The U.S. District Court for the Central District of California issued an opinion supporting the bank partnership model, less than a month after a judge in the same district issued a decision that questioned the concepts on which the bank model is based.
In Beechum v. Navient Solutions Inc., the court granted a motion to dismiss a lawsuit brought by Jamie Beechum and others against Navient Solutions, the Student Loan Marketing Association and the SLM Corporation. The consumer-plaintiffs obtained private student loans in 2003 and 2004 from Stillwater National Bank and Trust Company, a national bank. The bank subsequently sold the loans to a securitization trust established to hold the loans, while Navient Solutions, the Student Loan Marketing Association and the SLM Corporation serviced the loans. Beechum and others sued, claiming that the nonbank entities were the true lenders on the loan.
The consumer-plaintiffs argued that, as California residents, interest could not be imposed on them at a rate that exceeded 10% per year absent some other authority (such as a California Finance lender license). The defendants countered that California law does not limit interest rates a bank may impose. The consumer-plaintiffs urged the court to review the substance of the transaction rather than its form. The court, however, declined to do so, noting that the cases cited by the consumer-plaintiffs to do so provided that a court may consider the “substance” over the “form” and the parties’ intent when assessing whether a transaction satisfies the elements of usury or falls under a common law exemption to the usury prohibition – not when assessing whether the transaction or a party to it fall under t a constitutional or statutory exemption from the usury prohibition. In other words, no court case holds that the applicability of a statutory or constitutional exemption to the usury provision is a question of fact and is based on the “substance” of a transaction.”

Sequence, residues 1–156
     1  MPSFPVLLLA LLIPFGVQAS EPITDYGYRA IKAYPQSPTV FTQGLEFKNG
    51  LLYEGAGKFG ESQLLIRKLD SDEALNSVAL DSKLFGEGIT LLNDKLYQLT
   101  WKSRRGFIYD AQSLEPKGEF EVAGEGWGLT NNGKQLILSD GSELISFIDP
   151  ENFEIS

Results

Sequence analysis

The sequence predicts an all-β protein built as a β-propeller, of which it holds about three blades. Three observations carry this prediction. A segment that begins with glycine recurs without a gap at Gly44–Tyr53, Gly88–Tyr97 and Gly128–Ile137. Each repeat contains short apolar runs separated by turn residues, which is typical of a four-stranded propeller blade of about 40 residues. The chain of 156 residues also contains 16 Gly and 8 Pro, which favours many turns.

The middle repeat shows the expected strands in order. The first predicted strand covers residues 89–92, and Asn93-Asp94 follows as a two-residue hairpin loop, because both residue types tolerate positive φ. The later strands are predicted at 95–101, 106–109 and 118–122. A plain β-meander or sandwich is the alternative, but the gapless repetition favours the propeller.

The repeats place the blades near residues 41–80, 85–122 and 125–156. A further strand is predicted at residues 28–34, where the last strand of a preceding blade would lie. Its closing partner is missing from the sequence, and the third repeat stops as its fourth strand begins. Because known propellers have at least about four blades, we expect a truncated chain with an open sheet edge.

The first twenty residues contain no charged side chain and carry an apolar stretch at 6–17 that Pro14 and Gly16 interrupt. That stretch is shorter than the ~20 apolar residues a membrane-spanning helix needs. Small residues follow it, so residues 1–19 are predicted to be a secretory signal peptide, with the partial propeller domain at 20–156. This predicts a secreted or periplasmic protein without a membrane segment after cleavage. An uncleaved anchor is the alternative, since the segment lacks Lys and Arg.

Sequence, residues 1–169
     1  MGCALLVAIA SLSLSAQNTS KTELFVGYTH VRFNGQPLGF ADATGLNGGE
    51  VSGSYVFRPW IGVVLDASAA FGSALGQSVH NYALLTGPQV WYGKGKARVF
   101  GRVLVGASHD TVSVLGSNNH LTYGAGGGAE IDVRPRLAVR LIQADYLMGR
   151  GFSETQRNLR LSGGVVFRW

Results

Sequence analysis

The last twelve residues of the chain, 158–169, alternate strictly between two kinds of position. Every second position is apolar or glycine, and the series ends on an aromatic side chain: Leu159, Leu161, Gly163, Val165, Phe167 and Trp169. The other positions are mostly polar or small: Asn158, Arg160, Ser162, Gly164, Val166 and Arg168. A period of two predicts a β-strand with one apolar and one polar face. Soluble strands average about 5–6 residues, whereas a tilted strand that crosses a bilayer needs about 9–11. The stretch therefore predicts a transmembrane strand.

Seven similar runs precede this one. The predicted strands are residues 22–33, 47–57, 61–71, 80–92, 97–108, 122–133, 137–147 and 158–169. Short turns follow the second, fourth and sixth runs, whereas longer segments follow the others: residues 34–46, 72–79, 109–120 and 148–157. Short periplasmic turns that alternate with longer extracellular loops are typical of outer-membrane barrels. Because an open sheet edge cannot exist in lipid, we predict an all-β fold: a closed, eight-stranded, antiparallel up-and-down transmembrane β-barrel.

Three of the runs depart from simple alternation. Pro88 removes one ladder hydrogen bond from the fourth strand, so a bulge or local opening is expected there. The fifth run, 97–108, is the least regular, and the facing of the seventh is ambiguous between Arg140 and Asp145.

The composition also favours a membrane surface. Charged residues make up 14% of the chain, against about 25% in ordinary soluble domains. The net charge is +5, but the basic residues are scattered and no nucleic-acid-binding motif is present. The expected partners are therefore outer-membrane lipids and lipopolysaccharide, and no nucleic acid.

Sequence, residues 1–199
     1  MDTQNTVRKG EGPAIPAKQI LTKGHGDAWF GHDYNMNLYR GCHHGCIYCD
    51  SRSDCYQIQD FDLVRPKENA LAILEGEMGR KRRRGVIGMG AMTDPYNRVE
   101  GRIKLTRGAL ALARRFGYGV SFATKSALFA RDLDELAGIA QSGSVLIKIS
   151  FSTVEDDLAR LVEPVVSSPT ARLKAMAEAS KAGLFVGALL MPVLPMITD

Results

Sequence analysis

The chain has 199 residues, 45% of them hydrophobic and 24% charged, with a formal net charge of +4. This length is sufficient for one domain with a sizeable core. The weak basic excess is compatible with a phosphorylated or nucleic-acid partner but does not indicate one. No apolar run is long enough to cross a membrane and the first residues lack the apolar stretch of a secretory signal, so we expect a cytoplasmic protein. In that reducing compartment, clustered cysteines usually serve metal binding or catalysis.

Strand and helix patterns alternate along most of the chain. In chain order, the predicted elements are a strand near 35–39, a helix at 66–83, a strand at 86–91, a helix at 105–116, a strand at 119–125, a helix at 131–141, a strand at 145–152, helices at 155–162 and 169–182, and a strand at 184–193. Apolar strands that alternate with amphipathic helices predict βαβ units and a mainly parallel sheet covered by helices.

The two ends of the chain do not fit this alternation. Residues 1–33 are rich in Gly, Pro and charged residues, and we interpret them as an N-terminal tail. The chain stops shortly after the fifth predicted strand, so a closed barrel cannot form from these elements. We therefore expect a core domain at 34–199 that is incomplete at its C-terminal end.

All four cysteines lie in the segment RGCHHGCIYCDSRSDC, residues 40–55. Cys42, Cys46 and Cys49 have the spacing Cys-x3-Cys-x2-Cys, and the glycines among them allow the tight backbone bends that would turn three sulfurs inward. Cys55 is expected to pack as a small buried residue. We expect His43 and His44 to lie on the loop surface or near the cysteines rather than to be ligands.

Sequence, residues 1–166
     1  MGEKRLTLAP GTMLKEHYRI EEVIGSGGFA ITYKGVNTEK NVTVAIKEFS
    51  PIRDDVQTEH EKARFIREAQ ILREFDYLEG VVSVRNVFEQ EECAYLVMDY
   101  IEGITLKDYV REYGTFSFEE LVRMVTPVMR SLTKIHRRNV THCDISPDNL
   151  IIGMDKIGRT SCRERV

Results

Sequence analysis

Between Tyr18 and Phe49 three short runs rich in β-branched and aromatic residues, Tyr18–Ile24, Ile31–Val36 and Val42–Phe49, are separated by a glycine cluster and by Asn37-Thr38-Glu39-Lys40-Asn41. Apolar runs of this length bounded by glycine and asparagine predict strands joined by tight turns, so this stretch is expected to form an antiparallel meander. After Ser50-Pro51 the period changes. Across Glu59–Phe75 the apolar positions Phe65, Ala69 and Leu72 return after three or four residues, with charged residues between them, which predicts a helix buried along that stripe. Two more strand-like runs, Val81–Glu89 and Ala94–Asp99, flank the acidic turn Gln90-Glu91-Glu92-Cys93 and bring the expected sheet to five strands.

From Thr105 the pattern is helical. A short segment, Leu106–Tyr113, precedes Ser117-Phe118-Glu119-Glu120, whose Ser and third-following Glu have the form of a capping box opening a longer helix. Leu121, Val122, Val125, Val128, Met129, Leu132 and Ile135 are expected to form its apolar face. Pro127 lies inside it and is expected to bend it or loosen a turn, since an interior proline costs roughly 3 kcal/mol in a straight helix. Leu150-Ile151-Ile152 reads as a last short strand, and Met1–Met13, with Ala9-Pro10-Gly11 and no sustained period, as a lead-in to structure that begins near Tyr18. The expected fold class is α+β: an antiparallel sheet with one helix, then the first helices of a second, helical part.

Indeed, the court pointed to two California cases that directed courts to look only to the face of the transaction to assess whether it falls under a statutory exemption from the usury prohibition and not loon to the intent of the parties. Consequently, the court found that it would only look at the face of the transactions at issue to assess whether the loans were exempted from the usury prohibition. Because a bank originated the loans, they were, in fact, exempt from California’s usury cap. The court, thus, granted the motion to dismiss.
Beechum contrasts with Consumer Financial Protection Bureau v. CashCall, Inc., in which a different judge in the same district adopted the “predominant economic interest” test for determining “the true lender” in a case involving a tribal model of installment lending. Participants in the bank partnership space should also pay attention to the decision, as use of this particular test makes it more likely that a court will strike down a bank partnership. The relevant language from that opinion follows: